Our third race on Day 5 was against a long-held rival of the Sidney First Men’s Boat: Clare II. Like every Bumps race, the air was filled with contingency – were they going to catch the boat before we caught them? Would Downing come back and bump us? The possibilities are enough to drive one to madness, so rather than focus on them, we pushed off from the boathouse treating the outing like it was just another day at the office. If we focused in the boat on each other, and didn’t worry about everything happening around us, we could at least row our best. And, that’s just what we did. After the start and a strong row down First Post Reach, we earned our first whistle going into the corner and then rapidly went from two going into Grassy, to three coming out of the corner to continuous once we straightened out. Heartbreakingly, we went back down to three whistles as Clare pushed and moved off our advance. But, a few strokes later, we were back on continuous and weren’t going to go away. We pushed our hardest, giving everything we had, and won our third bump going into Ditton Corner. With ‘Three cheers for Clare!’ we donned our greenery for the third time that week and headed home with our heads held high.
The weather and the odds were against Sidney M1 this Bumps. Despite our freezing hands, despite losing Hamish for two days, despite having a sub in the Stroke seat who hadn’t rowed for months and who hadn’t trained for Bumps since this time last year, we did something we had only hoped for. Up 3. It’s the most successful Lent Bumps campaign M1 have had in recent memory, and the extraordinary conditions endured by the boys is one for the books.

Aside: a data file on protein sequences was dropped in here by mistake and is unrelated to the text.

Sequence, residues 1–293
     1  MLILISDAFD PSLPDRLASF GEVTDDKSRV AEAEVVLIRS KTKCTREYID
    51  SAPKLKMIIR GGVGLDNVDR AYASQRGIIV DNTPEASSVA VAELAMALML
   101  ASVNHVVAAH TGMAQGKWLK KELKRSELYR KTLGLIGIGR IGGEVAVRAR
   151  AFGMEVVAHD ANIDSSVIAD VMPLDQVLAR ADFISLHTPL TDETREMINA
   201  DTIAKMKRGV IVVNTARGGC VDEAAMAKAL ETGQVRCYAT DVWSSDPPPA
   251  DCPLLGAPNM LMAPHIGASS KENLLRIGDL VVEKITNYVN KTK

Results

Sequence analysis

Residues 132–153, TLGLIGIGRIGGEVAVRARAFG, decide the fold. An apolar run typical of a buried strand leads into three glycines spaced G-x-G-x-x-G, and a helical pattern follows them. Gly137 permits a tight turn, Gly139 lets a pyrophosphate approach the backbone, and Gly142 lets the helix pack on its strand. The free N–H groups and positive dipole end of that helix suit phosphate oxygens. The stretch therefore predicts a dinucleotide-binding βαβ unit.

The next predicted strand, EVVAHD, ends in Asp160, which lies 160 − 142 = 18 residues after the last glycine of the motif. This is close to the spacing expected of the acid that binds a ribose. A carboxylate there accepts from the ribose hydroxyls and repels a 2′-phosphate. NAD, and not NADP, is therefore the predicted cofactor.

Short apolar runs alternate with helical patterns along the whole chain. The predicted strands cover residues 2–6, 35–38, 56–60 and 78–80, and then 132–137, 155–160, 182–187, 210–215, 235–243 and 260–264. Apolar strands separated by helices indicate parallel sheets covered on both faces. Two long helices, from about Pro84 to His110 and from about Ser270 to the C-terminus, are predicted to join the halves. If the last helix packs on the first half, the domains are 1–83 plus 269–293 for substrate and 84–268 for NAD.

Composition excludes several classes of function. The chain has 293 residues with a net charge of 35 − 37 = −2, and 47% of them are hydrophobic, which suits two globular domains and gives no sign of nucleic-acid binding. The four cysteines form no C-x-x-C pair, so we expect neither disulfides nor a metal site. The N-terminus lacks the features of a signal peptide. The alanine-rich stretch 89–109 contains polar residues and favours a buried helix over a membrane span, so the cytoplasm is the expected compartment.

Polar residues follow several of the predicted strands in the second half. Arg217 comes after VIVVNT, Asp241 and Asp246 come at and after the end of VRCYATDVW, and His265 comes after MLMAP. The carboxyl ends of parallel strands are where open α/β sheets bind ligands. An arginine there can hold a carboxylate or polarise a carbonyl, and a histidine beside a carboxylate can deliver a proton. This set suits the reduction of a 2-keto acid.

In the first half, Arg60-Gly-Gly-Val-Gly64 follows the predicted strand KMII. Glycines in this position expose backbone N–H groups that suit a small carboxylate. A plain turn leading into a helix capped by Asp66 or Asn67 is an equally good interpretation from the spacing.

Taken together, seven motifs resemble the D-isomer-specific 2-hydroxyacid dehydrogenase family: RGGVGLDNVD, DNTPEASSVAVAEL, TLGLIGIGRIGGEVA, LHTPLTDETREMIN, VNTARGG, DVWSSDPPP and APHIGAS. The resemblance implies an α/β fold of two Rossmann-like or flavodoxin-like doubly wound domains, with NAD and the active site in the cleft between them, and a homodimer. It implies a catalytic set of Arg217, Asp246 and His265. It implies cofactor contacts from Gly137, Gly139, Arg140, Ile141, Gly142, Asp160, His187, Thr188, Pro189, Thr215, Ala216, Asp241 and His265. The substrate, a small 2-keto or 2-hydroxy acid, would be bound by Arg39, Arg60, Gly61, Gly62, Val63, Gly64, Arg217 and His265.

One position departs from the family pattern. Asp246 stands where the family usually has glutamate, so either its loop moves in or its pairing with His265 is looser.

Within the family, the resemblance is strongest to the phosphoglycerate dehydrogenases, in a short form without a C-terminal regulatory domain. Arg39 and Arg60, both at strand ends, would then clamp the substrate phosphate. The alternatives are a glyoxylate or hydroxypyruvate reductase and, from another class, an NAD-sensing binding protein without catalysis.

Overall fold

Philip rose to the challenge and led us to those two bumps – without him, we would have been lost. His determination and belief in the crew solidified our efforts and together we did it. The boys would like to congratulate and thank him especially, and it seemed all the more fitting that later that evening we witnessed Philip inherit that coveted blazer belonging to our Men’s Captain. We wish him well in his new role, and know his leadership will only enhance this Club.
Thanks are also due to our dedicated bank party, Silvia, Michael, David, Roly Beevor, who pushed us off on Friday, and Phil Wilkinson, who cheered us on and filmed our final race against Clare. It’s been a tough term, but this Bumps campaign proved to us all what can be achieved with determination, perseverance, and a little bit of luck. We’re already looking forward to Mays. And the sun.